#2. Saccharin:
Saccharin is an artificial sweetener found in “diet” products, soft drinks, sugar packets, and fountain drinks at restaurants. In animal studies saccharin has caused cancer of the bladder, uterus, ovaries, skin, blood vessels and other organs. In 1977 the FDA wanted to ban saccharin because of these animal studies, but congress intervened and permitted its use as long as there was a warning label. In 2000 saccharin was removed from the list of cancer causing chemicals and Congress passed a law removing the warning label. As a result, use of saccharin in soft drinks and other foods will likely increase, and so will the incidence of cancer.

#3. Splenda:
Splenda is the trade name for sucralose, a synthetic compound stumbled upon in 1976 by scientists in Britain seeking a new pesticide formulation. It is true that the Splenda molecule is comprised of sucrose (sugar) — except that three of the hydroxyl groups in the molecule have been replaced by three chlorine atoms.

According to Women to Women: A great website full of information on this topic
"Evidence that there are side effects of Splenda is accumulating little by little. Sucralose has been implicated as a possible migraine trigger, for example. Self-reported adverse reactions to Splenda or sucralose collected by the Sucralose Toxicity Information Center include skin rashes/flushing, panic-like agitation, dizziness and numbness, diarrhea, swelling, muscle aches, headaches, intestinal cramping, bladder issues, and stomach pain. These show up at one end of the spectrum — in the people who have an allergy or sensitivity to the sucralose molecule. But no one can say to what degree consuming Splenda affects the rest of us, and there are no long-term studies in humans with large numbers of subjects to say one way or the other if it’s safe for everyone."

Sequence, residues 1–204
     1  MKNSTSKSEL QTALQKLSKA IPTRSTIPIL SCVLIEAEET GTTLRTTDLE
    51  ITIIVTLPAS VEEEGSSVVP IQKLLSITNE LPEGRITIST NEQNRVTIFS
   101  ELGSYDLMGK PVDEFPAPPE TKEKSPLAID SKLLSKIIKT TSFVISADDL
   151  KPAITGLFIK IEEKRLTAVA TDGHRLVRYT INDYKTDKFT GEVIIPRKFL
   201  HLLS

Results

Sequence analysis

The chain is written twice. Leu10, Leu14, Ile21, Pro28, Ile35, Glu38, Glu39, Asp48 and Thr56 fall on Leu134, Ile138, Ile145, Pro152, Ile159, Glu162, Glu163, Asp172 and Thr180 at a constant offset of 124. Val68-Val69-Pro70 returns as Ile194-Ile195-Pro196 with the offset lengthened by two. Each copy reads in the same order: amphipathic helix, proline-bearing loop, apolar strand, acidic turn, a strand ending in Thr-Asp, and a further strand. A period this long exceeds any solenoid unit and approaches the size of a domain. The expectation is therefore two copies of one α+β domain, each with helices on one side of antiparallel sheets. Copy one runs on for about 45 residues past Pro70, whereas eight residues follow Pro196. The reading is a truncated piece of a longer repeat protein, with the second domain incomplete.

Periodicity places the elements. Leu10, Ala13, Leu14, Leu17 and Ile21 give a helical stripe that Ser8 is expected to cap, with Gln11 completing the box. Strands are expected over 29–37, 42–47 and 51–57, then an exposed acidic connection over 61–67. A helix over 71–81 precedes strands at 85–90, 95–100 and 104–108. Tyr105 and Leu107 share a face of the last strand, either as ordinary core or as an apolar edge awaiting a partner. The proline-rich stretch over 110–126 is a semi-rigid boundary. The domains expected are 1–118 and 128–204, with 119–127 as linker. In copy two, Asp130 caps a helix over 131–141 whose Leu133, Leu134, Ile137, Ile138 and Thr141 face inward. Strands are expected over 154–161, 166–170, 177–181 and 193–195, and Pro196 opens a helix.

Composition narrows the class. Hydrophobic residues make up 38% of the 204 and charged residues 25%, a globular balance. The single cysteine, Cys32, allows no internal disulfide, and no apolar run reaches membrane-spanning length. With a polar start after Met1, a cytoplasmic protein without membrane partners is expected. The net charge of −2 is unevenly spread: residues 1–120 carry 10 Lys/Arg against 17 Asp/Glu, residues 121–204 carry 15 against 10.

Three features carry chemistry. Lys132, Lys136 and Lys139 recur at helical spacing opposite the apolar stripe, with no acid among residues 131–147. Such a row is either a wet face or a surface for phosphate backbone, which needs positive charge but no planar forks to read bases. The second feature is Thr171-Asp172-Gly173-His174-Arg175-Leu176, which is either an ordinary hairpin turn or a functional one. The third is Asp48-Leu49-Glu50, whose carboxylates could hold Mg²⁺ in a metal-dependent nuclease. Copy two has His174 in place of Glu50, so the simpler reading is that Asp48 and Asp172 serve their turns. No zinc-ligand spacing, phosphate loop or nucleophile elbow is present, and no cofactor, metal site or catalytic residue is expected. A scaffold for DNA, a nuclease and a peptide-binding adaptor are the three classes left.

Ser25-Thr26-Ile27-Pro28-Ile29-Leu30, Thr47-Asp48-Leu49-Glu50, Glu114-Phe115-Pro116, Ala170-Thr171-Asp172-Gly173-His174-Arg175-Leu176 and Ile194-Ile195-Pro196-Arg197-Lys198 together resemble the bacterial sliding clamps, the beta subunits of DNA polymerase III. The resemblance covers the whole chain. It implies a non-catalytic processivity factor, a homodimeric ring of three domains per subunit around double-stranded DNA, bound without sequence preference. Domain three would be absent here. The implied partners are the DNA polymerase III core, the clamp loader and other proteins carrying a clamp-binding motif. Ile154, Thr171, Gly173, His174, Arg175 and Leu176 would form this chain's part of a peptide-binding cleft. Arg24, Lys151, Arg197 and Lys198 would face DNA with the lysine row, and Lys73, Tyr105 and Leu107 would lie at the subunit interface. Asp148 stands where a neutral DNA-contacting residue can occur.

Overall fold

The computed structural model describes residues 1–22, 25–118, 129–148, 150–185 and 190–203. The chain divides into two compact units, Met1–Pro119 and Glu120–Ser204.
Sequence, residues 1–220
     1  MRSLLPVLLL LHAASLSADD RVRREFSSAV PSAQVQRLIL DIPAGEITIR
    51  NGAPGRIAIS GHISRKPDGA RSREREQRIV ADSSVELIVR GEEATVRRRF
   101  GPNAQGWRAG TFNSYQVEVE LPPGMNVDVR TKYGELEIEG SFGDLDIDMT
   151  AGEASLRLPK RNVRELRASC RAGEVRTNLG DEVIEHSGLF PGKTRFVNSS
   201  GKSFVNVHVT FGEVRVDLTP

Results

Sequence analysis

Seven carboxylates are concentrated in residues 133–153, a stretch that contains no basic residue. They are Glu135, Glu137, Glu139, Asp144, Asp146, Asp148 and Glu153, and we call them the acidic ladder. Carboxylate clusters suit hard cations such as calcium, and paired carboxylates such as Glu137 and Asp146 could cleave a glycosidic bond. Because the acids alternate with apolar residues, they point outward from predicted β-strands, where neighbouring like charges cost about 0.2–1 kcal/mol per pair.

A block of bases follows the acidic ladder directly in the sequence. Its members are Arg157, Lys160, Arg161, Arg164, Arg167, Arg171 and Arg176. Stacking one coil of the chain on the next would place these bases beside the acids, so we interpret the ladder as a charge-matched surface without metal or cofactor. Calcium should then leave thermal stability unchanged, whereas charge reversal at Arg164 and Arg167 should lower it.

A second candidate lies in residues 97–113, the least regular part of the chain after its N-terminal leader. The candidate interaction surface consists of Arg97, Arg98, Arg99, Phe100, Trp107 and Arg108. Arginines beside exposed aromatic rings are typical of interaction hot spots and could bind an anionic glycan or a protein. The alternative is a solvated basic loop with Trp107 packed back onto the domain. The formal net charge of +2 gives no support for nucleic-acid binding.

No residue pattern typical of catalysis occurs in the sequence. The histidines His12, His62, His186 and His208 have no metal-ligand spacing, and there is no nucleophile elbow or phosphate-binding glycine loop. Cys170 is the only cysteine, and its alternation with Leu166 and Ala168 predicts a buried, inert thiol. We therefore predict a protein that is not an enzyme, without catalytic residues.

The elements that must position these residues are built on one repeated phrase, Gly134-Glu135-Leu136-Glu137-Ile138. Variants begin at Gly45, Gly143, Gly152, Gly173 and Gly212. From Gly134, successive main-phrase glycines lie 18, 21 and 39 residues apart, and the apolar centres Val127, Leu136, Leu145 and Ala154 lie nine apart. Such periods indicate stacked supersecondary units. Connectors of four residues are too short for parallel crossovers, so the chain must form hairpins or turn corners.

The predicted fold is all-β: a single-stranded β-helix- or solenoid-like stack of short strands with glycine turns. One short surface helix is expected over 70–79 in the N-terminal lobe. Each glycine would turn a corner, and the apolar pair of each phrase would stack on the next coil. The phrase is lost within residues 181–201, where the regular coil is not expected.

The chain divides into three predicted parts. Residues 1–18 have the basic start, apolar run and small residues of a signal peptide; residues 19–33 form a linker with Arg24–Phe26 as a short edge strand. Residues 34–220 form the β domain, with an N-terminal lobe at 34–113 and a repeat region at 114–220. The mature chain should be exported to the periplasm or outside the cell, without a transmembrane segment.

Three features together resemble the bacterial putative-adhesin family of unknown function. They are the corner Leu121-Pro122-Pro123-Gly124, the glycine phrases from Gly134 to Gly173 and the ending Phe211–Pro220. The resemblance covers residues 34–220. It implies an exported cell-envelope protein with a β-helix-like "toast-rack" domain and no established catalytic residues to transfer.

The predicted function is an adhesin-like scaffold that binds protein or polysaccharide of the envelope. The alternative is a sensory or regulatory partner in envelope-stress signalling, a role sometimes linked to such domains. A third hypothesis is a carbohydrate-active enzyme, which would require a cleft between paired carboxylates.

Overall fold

#4. Stevia:
Stevia (STEE-vee-uh) is a South American shrub whose leaves have been used for centuries by native peoples in Paraguay and Brazil to sweeten their yerba mate and other stimulant beverages.

Stevioside, the main ingredient in stevia (the two terms are often used interchangeably), is virtually calorie-free and hundreds of times sweeter than table sugar. “So it appeals to many people as a natural alternative to artificial sweeteners,” says Mark Blumenthal of the pro-herb American Botanical Council in Austin, Texas.

Cancer. In the laboratory, steviol can be converted into a mutagenic compound, which may promote cancer by causing mutations in the cells’ genetic material (DNA). “We don’t know if the conversion of stevioside to steviol to a mutagen happens in humans,” says Huxtable. “It’s probably a minor issue, but it clearly needs to be resolved.” Read more from Nutrition Action

Artificial sweeteners are chemicals that offer the sweet flavor of sugar without the calories. There is much debate on their safety and MY DIVA DIET does not recommend them.

* Notes
The long-term harmful effects of some artificial sweeteners are documented. However, as new ones come on the market, their effects will remain unknown until the harm is already done.
  • According to some researchers, nutritionists, and diabetes experts, artificial sweeteners may have carcinogenic properties and be linked to increased risk of tumors, seizure disorders, chronic headaches, and hyperactivity in children.
* Sugar Substitutes Rule
  • To become genuinely healthy and fit you should avoid unnecessary sugar and artificial sweeteners while developing a taste for foods and liquids in their natural forms.
DON'T LEAVE YOUR HEALTH TO CHANCE -- skip the artificial sweeteners and use fruit, honey, or agave nectar instead!